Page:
Cooperation between the greater honeyguide bird and hunters was first written about by a Portuguese missionary in 1588, but was widely dismissed as pure hearsay. In recent years, however, researchers have found ever more evidence of the bond.
In Mozambique, hunters are far more successful in finding honey when they use a traditional call – a trill followed by a grunt that sounds like “brr-hm” – to attract honeyguides, the experts wrote in the journal Science.
Once attracted, the birds lead hunters to trees with bees, relying on the humans to subdue the insects with fire and smoke, chop open the trunk, get the honey and then leave behind some beeswax that is a delicacy for the birds.
In the 1980s, scientists documented that honeyguides seek human help by making distinctive calls and flitting from tree to tree to attract attention.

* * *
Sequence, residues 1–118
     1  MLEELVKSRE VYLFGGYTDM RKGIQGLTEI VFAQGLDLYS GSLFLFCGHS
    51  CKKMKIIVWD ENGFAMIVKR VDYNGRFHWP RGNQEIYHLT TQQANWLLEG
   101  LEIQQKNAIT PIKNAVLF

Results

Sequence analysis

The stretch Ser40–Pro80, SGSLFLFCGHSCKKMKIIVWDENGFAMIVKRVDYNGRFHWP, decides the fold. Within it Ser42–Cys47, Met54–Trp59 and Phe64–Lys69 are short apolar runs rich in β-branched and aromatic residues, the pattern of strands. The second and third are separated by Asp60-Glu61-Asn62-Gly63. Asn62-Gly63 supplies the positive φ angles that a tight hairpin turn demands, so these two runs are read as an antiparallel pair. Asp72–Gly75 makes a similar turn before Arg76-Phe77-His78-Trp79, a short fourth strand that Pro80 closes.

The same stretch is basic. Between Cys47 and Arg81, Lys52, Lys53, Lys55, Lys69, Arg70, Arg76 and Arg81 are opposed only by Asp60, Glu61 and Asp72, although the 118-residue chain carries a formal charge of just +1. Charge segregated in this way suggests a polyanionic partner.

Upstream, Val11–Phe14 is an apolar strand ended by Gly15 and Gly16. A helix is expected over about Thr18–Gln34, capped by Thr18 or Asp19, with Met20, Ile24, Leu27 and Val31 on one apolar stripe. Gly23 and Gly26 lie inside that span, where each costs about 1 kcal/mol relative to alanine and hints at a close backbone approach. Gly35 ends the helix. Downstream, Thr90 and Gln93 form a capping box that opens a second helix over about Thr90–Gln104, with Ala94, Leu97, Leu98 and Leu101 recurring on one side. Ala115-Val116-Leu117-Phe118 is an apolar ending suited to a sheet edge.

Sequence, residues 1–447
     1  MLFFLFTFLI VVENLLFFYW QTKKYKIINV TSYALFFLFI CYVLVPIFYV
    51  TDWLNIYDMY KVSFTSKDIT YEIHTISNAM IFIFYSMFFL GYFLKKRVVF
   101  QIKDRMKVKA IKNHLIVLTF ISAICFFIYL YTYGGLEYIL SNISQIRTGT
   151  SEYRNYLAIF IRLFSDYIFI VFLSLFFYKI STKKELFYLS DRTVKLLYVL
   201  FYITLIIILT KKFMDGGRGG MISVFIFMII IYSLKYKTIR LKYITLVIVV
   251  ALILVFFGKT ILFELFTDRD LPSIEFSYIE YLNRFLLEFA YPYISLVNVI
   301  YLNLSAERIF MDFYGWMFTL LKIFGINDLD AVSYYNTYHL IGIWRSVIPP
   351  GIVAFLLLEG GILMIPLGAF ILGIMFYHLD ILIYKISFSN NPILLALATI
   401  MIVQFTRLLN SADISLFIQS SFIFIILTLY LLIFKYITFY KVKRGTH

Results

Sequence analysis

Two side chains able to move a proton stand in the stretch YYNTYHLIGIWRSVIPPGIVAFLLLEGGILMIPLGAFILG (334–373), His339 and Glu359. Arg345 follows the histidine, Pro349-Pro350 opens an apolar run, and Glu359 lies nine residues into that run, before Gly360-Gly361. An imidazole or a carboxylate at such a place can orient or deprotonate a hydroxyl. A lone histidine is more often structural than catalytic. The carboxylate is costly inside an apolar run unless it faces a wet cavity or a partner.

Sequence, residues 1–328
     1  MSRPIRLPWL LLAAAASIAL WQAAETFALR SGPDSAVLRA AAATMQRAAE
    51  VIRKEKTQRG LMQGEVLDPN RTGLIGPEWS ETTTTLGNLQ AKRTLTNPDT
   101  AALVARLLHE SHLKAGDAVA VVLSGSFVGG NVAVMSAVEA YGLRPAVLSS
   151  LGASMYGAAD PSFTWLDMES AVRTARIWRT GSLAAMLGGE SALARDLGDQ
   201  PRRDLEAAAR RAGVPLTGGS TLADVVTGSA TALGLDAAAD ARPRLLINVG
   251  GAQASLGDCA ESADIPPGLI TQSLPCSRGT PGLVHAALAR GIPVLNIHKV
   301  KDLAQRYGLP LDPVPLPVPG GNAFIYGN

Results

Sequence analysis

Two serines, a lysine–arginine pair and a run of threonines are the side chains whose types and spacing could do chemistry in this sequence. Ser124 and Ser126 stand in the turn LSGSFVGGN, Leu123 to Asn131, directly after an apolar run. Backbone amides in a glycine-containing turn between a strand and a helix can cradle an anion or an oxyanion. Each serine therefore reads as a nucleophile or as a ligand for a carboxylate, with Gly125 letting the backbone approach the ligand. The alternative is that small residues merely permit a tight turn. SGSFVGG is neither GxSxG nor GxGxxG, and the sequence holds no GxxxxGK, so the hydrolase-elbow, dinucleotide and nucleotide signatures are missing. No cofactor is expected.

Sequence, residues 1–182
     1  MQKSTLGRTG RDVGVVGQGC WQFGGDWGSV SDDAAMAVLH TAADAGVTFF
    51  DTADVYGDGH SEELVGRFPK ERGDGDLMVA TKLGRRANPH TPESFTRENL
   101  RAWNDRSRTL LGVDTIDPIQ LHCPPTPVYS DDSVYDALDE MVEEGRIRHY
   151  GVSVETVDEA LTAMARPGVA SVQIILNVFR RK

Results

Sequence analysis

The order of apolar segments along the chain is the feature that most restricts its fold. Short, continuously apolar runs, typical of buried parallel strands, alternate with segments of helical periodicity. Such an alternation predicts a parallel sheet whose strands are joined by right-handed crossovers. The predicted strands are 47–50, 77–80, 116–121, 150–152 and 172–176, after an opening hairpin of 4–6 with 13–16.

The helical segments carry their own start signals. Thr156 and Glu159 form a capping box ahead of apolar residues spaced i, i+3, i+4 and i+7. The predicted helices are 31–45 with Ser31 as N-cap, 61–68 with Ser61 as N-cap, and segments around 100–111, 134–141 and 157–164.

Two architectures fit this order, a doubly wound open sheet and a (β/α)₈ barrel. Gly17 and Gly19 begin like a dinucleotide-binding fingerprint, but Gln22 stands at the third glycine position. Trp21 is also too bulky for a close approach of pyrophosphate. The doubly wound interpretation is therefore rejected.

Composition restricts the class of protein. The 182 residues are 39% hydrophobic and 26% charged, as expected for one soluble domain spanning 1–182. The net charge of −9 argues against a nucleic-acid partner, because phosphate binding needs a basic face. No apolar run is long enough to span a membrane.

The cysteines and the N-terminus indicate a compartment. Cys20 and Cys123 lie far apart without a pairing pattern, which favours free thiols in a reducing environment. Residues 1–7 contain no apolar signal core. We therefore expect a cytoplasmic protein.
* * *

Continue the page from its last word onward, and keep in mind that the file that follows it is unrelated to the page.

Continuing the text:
“We’ve found it’s a two-way communication,” lead author Claire Spottiswoode, an evolutionary biologist who works at Cambridge University and the University of Cape Town, told Reuters. “Humans communicate back to honeyguides as well.”
The ‘brr-hm’ call “signals to honeyguides that they (hunters) are eager to follow. Honeyguides use this information to choose partners,” she said.
The call doubles the chances of getting led by a honeyguide to 66 percent from 33 and increased the probability of finding a bees’ nest to 54 percent from 17, compared to the use of other human or animal sounds to lure birds.
Most human cooperation with animals is with domesticated or trained animals, such as dogs or falcons. The only other known partnership with wild creatures is when dolphins sometimes work with fishermen, according to the study.
Spottiswoode said 20 Yao hunters interviewed in the Niassa National Reserve in Mozambique did not know the origin of the traditional “brr-hm” call. By contrast in Kenya, hunters whistle to attract the birds.
Still, honeyguides are not entirely sweet.
Like cuckoos, they lay eggs in the nests of other birds and baby honeyguides kill their foster siblings by stabbing them with sharp hooks on their beaks. Spottiswoode called them “the Jekyll and Hyde of the bird world.”